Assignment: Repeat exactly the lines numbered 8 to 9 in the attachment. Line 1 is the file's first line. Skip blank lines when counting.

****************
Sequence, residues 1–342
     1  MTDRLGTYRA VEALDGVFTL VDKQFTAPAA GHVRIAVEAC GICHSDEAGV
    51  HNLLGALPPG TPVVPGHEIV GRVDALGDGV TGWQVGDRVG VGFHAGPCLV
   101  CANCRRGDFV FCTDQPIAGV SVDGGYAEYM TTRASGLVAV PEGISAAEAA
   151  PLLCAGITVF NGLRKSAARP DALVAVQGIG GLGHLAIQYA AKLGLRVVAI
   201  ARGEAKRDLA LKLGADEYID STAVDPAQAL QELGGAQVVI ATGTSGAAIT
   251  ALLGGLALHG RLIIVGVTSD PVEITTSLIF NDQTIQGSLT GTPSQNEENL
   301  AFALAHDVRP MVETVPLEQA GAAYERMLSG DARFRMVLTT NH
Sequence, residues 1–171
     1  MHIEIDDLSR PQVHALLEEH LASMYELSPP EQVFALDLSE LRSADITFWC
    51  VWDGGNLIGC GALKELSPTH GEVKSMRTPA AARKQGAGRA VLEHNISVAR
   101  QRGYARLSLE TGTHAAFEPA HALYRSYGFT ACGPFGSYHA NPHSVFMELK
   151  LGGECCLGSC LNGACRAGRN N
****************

   301  AFALAHDVRP MVETVPLEQA GAAYERMLSG DARFRMVLTT NH
Sequence, residues 1–171